Head of Scandal-Plagued Soccer Group Will Oversee FIFA Financeby
South American soccer president Dominguez named to committee
Deceased former chairman named co-coconspirator in FIFA case
The head of Conmebol, South America’s soccer’s scandal-scarred governing body, is the new leader of FIFA’s financial oversight committee.
As head of the eight-person committee, Alejandro Dominguez will oversee the financial management of soccer’s global governing body, which earns more than $1.2 billion in annual revenue. The committee also makes recommendations to the FIFA Council on financial matters and asset management.
The appointment is one of a raft of little-publicized changes at FIFA under President Gianni Infantino, the organization’s first new leader after the 17-year reign of Sepp Blatter ended in an international corruption scandal.
Dominguez, who hails from a wealthy Paraguayan family, has been trying to clean up Conmebol’s image after leaders from every one of its ten member nations was implicated in the U.S. Department of Justice investigation that also ended Blatter’s tenure.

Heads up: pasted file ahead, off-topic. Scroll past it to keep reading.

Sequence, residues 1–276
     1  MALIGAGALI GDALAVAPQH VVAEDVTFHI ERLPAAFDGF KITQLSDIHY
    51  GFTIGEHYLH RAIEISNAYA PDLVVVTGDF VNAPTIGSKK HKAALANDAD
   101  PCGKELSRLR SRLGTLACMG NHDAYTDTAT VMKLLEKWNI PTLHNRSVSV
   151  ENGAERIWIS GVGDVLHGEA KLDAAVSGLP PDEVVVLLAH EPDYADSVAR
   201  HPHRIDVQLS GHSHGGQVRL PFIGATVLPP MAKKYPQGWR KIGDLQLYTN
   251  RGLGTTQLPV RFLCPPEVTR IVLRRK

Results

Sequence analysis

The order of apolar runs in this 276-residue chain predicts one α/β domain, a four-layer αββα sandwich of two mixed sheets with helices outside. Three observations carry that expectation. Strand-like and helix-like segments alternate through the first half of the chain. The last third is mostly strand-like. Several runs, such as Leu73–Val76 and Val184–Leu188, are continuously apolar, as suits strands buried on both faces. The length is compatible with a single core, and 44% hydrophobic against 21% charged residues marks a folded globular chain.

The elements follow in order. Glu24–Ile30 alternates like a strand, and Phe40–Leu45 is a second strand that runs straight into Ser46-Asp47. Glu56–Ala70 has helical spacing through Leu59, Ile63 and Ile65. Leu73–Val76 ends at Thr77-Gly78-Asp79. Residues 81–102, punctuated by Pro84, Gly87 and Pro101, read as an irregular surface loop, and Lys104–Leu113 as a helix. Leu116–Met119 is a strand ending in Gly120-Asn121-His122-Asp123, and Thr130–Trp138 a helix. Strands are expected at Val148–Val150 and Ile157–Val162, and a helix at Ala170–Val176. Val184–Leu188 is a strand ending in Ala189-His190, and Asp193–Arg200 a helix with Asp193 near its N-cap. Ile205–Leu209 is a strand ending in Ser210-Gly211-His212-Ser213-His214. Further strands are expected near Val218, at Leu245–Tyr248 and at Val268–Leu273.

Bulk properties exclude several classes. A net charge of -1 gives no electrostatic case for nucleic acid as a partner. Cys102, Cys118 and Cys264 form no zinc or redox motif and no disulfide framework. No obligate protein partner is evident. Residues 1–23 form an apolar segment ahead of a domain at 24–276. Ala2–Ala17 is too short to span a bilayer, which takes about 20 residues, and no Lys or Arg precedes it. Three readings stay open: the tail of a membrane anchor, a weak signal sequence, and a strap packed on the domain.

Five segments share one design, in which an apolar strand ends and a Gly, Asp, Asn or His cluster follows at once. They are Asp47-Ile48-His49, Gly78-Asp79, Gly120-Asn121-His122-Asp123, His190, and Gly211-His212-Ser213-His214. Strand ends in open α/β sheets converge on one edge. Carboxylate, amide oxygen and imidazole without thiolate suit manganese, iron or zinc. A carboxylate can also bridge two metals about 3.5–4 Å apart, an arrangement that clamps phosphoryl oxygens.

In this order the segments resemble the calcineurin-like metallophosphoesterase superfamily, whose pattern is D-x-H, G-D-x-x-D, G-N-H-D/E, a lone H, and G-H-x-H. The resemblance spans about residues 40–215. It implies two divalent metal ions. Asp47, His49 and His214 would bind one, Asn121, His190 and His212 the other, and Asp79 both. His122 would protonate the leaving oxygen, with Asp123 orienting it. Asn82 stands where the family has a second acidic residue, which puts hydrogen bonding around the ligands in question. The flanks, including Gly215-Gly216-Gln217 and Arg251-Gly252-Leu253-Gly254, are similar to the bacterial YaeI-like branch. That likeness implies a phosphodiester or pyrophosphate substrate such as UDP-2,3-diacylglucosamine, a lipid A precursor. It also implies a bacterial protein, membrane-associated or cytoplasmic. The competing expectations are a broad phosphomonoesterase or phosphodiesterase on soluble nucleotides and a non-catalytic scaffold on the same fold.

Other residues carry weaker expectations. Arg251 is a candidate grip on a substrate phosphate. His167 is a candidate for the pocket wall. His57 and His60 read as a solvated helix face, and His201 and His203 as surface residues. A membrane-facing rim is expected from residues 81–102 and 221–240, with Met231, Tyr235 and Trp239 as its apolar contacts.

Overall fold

Prior to Infantino’s election, FIFA froze a $10 million stipend to Conmebol until Dominguez could make changes to Conmebol’s governance structures. The cash has recently been released, a FIFA spokesman said.
The previous head of FIFA’s finance committee, Argentine soccer executive Julio Grondona, was also ensnared in the DOJ investigation. In his role as committee chair, Grondona authorized a $10 million payment to a former Caribbean soccer kingpin that U.S authorities characterized as a bribe that led to South Africa being selected as the 2010 World Cup host.
Grondona died in 2014. His assets and estate were frozen in June 2015 by Argentine authorities amid an ongoing tax-evasion probe.
All members of FIFA’s standing committees had to pass background checks. Their compensation hasn’t been decided, FIFA said.